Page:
Versatile said that SyncSeer provides a solution that allows the use of the sensor technology from several vendors utilising both wired and wireless temperature probes and tags. Automating previously manual processes allows staff additional time to focus on patient care while meeting regulatory compliance mandates.

SyncSeer manages and monitors temperature sensors at hospitals to help maintain compliance with regulatory authorities. The system can be used for monitoring refrigerators, freezers, blanket warmers, dishwashers, and mobile carts – any piece of equipment where temperature consistency is critical.

Versatile SyncSeer replaces the time consuming and error prone manual system currently in place at many hospitals. It automatically generates an alert when a temperature sensitive item deviates from a predetermined temperature range.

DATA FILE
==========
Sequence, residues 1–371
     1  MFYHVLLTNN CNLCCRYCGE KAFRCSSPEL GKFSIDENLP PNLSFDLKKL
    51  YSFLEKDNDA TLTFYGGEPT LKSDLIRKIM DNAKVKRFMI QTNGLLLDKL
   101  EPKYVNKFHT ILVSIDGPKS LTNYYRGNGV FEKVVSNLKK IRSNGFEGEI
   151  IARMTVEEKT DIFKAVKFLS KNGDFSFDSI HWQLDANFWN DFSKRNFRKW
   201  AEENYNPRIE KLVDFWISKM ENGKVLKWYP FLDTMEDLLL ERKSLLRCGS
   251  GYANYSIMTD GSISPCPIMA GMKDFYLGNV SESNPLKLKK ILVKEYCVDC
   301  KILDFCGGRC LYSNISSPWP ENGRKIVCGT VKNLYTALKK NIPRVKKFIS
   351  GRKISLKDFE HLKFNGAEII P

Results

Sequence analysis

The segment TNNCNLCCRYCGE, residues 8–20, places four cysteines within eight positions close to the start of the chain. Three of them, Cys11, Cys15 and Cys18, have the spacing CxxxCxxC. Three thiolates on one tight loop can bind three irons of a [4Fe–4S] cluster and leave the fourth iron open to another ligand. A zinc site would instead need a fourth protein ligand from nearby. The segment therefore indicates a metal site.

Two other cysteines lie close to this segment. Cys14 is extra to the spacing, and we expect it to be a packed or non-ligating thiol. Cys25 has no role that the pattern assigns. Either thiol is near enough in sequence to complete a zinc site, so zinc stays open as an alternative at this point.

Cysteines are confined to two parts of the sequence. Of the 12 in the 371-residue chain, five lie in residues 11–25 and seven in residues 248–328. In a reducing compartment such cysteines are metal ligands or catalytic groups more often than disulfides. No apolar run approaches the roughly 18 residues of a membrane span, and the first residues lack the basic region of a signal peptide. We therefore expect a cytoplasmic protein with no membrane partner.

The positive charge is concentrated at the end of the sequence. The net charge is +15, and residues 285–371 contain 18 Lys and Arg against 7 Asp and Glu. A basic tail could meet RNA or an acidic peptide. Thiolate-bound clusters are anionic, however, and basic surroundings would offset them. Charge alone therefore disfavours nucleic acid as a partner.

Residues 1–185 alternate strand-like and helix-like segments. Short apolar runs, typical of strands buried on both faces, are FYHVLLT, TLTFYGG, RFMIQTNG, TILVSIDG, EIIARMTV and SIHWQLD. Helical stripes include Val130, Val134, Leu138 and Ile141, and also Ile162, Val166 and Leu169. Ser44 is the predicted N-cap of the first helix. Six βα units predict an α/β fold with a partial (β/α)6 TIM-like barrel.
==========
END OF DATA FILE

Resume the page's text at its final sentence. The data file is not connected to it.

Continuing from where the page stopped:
Versatile claimed that the temperature readings can be taken as often as every minute every 12 hours or any point in between. All readings are maintained within the system. This allows detailed reports to be generated, providing a forensic trail to regulatory compliance.

Sam Shatzer, vice president of information systems at Summit Health, said: “As the primary healthcare provider for Franklin County, we have many pieces of equipment and storage units that must be monitored for temperature changes. The solution offered by SyncSeer has allowed us to automate our manual processes, saving our staff valuable time.

“We will receive real time alerts on temperature issues. The alerts help to eliminate the potential of damaging tissues or medications due to temperature issues.”

Bob Joyce, president of Versatile Systems, said: “By incorporating a solution like SyncSeer into their suite, Summit continues to show leadership in application of technology.

“In addition, SyncSeer positions Summit Health to take advantage of many data sets beyond temperature, including Real Time Location Services (RTLS) and Voice over IP (VOIP). By automating routine operations, caregivers at Summit Health can focus on patient care, which is what really matters.”